As governments cut back on funding, it is up to the effectiveness of the community boards to step in and try and provide many of the services that contribute to the quality of life we require. Members of nonprofit boards are usually volunteers, which also means that they aren't the best at carrying out their responsibilities. Moreover, governance is the board's legal authority to exercise power and authority over an organization on behalf of the community it serves (BoardSource Staff). It is the job of the board to establish a foundation for the organization at hand and is authorized to make decisions that will affect that organization. Finally, there are four types of governance models the board can adhere to including; the traditional model, the corporate model, the policy governance model, and lastly the dynamic or high impact model.
Policy governance, as indicated by Dr. John Carver, is a groundbreaking model of governance designed to empower boards of directors to fulfill the obligation of accountability for the organizations they govern. It is a complete theory as it informs board planning, mission, control of the agenda, budgeting, relationships in all aspects, fiduciary responsibility, and all other aspects of the board. This model is a thorough example of the board being in control and having complete leadership.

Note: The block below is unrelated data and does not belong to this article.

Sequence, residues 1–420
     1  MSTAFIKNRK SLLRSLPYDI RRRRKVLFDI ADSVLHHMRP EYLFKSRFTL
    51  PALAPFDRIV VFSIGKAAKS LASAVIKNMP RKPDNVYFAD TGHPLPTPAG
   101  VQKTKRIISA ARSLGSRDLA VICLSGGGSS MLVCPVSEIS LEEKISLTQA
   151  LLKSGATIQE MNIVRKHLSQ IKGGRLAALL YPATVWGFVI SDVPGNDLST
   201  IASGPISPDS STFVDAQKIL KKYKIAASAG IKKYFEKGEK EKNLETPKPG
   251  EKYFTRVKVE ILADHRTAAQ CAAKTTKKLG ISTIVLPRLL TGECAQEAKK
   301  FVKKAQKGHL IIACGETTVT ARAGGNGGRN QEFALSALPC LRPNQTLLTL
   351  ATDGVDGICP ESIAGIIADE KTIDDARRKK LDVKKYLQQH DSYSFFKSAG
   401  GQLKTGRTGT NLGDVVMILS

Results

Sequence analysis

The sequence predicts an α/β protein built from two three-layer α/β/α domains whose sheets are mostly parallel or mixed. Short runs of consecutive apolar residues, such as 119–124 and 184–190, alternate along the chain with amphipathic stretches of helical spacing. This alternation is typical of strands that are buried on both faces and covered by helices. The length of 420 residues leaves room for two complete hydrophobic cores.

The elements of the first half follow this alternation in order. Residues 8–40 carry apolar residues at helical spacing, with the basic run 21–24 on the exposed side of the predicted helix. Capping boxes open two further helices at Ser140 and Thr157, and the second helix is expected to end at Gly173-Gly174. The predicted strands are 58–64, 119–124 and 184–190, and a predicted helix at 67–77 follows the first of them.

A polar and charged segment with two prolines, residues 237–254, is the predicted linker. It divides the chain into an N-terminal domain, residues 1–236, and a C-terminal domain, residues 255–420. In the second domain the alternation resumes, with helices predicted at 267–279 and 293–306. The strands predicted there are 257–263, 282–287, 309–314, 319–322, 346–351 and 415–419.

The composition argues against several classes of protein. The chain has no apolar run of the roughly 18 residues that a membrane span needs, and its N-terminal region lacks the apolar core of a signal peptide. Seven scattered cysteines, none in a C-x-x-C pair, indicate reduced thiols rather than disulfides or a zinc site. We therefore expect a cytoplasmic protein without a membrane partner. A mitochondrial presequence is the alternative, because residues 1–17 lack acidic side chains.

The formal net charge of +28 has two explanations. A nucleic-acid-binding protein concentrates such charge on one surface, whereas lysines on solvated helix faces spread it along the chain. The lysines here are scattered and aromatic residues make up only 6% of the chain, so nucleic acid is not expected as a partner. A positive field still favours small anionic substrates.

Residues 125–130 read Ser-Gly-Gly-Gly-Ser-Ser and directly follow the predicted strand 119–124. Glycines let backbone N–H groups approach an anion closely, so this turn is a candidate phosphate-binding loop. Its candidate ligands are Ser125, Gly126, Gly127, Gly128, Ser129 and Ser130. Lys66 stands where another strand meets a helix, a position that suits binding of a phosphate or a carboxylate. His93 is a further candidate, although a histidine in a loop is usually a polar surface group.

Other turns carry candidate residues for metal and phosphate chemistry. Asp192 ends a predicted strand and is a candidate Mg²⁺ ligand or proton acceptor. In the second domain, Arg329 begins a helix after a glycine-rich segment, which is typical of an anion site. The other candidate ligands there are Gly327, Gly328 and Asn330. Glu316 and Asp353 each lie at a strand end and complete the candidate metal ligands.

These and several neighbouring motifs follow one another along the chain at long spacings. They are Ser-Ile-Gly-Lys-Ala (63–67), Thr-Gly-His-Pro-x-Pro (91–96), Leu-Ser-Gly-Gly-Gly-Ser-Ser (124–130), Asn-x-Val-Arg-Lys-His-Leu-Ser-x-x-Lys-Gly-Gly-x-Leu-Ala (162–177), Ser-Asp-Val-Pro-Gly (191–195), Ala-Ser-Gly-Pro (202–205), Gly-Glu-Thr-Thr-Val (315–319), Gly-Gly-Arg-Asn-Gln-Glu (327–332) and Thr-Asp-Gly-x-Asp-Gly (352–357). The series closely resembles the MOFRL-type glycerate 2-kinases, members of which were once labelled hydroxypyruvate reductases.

The job of the board in the policy model is simply to govern. As a whole, not individually, the board will govern the organization. Therefore, this means that the CEO is bound by whatever the board says. For example, if the CEO is in favor of one thing but the board is not the CEO is out of luck. However, the CEO is not bound by what any one board member says. The board is in charge of governing themselves as well as the staff. In better words, the CEO is just kind of there. He is not the one making the executive decisions and he is not responsible for keeping the board happy. It is completely on the board to...
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